No Kane big gain in Jets’ locker-room
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Hey there, time traveller!
This article was published 21/02/2015 (3029 days ago), so information in it may no longer be current.
TORONTO — There’s more order and less drama inside the Winnipeg Jets, defenceman Dustin Byfuglien suggested this week.
The discussion was a follow-up to this week’s praise for Byfuglien by Jets coach Paul Maurice, citing the big man’s big role in terms of leadership.
Since being moved back to defence in early December, Byfuglien has emerged as an all-star calibre blue-liner — 14 goals and 40 points — but he said coaching decisions were only the first step.
“Oh, it’s really just that we’re doing more winning, doing the right things as a team and there’s a lot less s–t going on around here than in the past,” Byfuglien said. “It’s us doing the right things and everyone kind of buying in and doing the right things. That makes it easy on everyone.
“That makes everyone a little happier.”
The inference was things are more settled within the locker-room after last week’s blockbuster trade. The Jets dealt forward Evander Kane and defenceman Zach Bogosian along with prospect goalie Jason Kasdorf to Buffalo for forward Drew Stafford, defenceman Tyler Myers, two prospects and a first-round pick this year.
“I mean, it really doesn’t matter who you have in the locker-room,” Byfuglien said.
“You’ve got a job to do. The team, the way we look at it, I wouldn’t say that we’re much deeper than we were. We picked up some good players, don’t get me wrong, but we got rid of two good players, too. We covered ourselves. We got some different characters. Stafford brings a lot and Myers brings quite a lot, too. That’ s definitely good for us and that’s going to help us down the line.”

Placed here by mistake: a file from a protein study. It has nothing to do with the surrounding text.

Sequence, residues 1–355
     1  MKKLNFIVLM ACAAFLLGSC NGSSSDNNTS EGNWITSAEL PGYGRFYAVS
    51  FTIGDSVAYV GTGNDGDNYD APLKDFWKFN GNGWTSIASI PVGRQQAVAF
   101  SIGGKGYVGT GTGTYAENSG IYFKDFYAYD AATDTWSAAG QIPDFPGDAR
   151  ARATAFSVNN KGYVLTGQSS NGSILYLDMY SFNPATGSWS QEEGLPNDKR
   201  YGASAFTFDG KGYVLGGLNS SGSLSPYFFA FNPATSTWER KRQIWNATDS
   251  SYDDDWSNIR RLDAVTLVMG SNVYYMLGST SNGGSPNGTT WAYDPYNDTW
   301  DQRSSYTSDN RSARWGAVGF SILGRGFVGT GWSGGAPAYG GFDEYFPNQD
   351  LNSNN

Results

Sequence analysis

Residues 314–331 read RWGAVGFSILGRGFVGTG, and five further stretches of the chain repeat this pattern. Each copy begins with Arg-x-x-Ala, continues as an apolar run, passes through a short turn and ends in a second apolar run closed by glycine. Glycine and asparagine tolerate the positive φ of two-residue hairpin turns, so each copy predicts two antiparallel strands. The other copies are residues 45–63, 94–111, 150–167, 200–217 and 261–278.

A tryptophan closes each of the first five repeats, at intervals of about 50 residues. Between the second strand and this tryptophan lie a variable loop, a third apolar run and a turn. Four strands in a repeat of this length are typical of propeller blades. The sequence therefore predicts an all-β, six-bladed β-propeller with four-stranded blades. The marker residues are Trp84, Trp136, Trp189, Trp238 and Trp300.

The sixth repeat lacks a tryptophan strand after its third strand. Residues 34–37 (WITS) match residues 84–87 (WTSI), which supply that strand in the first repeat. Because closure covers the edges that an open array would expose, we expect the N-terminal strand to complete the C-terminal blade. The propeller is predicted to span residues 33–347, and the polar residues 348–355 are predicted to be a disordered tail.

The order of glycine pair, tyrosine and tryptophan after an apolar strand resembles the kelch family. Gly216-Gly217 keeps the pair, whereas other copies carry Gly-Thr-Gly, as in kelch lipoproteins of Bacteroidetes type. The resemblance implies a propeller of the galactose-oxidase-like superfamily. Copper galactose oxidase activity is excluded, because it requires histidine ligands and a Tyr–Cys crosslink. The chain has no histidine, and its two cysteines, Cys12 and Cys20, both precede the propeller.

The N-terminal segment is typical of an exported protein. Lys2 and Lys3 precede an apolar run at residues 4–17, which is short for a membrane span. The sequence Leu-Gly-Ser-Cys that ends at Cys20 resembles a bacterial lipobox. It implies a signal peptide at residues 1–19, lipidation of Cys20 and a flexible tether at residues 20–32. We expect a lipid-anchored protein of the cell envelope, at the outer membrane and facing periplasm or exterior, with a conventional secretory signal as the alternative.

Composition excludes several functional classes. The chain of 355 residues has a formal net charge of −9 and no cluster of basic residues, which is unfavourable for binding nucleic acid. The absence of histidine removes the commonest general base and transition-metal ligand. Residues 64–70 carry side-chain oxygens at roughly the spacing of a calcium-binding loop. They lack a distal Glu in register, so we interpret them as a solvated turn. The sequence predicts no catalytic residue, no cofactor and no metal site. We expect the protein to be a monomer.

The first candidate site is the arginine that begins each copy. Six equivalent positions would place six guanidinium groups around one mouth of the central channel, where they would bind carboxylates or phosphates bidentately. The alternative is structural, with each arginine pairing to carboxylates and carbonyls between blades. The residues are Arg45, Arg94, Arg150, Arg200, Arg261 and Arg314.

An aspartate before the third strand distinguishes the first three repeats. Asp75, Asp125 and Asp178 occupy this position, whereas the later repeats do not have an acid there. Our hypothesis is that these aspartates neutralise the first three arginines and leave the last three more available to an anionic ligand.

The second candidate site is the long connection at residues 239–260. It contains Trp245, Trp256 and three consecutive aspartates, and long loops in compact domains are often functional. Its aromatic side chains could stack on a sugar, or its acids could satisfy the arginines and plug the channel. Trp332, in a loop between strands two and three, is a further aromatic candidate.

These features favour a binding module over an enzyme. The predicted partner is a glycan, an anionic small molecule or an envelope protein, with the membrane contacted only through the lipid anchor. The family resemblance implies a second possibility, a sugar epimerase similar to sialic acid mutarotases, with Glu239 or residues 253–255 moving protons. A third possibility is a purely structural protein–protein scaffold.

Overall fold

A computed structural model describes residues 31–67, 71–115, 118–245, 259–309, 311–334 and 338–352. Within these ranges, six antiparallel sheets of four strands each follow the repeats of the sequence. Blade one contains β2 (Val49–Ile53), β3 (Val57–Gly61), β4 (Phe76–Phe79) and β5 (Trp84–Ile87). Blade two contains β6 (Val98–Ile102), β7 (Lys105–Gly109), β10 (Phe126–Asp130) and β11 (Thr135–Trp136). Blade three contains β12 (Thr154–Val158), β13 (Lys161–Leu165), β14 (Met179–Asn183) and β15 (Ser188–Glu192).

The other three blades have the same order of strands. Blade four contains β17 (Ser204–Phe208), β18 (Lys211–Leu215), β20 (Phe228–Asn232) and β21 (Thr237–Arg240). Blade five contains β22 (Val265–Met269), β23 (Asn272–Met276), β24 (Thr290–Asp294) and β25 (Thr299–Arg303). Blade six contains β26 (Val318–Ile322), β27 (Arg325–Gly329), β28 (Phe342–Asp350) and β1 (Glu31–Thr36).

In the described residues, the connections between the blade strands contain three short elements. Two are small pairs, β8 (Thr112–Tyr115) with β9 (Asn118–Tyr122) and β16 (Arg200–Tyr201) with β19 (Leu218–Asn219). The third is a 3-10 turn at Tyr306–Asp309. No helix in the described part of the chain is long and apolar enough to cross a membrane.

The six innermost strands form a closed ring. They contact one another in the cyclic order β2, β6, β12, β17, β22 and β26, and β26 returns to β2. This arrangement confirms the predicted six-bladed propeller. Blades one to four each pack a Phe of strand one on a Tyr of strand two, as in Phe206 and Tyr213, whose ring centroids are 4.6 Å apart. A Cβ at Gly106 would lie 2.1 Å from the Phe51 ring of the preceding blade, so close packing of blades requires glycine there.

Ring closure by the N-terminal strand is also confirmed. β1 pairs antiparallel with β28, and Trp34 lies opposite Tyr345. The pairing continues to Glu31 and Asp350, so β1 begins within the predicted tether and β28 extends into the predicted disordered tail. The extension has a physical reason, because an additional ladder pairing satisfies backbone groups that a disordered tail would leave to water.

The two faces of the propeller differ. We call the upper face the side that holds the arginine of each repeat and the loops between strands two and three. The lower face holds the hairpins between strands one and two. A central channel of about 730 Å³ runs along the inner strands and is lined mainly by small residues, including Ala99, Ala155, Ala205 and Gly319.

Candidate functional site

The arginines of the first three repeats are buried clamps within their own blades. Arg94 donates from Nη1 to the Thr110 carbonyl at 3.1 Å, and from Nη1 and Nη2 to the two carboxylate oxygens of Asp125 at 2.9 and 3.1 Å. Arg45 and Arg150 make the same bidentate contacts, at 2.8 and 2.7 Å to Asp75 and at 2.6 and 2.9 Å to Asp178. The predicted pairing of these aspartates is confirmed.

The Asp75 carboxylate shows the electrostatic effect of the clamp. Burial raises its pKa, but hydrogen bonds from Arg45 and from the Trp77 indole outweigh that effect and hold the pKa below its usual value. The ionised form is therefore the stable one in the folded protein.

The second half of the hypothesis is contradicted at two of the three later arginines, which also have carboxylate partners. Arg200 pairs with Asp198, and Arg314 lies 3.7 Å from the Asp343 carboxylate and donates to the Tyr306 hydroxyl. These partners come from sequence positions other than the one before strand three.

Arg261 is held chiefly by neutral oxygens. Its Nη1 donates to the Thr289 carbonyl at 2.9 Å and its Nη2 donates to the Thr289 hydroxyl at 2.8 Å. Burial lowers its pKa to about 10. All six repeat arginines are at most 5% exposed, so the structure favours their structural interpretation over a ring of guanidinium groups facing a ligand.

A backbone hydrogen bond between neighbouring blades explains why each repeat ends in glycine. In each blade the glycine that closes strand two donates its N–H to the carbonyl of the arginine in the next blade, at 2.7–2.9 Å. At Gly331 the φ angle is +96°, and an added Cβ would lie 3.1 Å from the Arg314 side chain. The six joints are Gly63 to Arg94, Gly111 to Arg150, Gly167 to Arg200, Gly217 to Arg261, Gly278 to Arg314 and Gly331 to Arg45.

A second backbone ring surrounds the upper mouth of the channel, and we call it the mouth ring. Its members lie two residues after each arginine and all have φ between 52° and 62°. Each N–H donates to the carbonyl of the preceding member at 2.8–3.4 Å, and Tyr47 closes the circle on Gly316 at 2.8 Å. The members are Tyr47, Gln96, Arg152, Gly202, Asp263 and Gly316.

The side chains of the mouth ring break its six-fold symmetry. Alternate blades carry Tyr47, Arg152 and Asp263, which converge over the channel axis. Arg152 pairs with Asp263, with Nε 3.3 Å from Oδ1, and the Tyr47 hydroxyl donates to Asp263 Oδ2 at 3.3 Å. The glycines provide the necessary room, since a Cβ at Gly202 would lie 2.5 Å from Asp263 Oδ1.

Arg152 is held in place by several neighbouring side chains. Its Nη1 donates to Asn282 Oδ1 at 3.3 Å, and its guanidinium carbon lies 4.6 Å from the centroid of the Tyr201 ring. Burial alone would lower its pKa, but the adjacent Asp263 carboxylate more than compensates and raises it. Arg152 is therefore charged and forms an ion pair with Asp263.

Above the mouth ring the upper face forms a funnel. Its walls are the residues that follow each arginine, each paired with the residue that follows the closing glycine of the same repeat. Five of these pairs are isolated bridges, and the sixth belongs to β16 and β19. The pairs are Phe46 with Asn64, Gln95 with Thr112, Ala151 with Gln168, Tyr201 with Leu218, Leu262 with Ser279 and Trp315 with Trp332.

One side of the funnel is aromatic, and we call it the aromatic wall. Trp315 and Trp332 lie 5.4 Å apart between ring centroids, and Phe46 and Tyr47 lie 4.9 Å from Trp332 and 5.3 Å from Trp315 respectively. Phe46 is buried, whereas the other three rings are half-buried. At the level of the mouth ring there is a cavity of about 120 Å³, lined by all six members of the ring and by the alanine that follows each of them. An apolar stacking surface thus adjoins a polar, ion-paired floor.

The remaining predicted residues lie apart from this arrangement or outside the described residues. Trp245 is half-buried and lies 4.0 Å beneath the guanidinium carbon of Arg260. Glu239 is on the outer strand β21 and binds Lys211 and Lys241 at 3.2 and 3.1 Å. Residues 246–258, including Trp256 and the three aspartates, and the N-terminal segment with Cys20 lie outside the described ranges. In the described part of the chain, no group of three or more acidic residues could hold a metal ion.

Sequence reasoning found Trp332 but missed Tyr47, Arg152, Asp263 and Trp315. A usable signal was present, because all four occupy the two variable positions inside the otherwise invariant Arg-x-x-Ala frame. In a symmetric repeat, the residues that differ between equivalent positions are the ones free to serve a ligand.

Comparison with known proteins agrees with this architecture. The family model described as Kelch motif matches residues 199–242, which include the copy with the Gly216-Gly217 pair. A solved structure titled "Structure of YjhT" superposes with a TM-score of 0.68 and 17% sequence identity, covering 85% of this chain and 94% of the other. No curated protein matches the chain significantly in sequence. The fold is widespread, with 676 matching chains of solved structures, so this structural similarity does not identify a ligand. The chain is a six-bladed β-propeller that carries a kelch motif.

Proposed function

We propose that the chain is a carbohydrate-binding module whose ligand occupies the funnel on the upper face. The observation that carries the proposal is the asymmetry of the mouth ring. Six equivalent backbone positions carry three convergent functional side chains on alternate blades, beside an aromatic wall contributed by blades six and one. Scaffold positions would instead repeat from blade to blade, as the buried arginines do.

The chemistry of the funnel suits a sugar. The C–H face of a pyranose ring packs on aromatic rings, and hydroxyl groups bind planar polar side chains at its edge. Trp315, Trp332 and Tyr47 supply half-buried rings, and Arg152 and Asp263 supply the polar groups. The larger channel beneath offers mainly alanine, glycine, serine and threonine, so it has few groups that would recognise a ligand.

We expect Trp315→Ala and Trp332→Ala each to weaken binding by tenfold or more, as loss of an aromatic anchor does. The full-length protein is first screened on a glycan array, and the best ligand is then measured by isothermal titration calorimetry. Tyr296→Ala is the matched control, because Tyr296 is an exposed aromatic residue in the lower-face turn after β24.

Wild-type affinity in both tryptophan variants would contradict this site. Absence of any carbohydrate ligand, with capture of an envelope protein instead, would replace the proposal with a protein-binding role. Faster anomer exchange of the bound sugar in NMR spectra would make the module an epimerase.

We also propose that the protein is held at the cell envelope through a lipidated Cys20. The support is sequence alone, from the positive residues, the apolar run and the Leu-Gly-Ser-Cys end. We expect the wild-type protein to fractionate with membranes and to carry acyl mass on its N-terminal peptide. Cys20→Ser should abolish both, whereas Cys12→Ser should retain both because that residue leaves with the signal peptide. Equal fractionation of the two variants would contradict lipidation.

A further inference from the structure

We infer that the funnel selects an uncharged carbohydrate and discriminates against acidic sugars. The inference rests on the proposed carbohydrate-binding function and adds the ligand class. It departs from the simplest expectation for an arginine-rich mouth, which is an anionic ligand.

Prior to departing on this week’s road trip that went to Washington (Thursday’s 5-1 loss) and ends tonight in Toronto against the Maple Leafs (6 p.m., CBC, TSN 1290), Maurice said the following about Byfuglien:
“He’s been a great leader in our room… Everybody knows Dustin likes to play D, but he doesn’t make anybody pay when he has to go up front.
“He’s the reason, I think, we’ve handled our adversity so well, with our injuries.”
Byfuglien, not known to be shy with his teammates, was fairly bashful about the praise that’s been voiced about his leadership role.
“Everyone kind of has a role and it’s just my own little way of doing it,” he said. “When it’s time to get on the ice, it’s time to work. Little things go a long ways with some parts.”
His on-off switch in terms of personality is no issue, he said.
“No, not really,” he said. “Most of the time it’s just going to be pretty loose, but when it’s time to get out there on the ice and work, well, that’s time to work.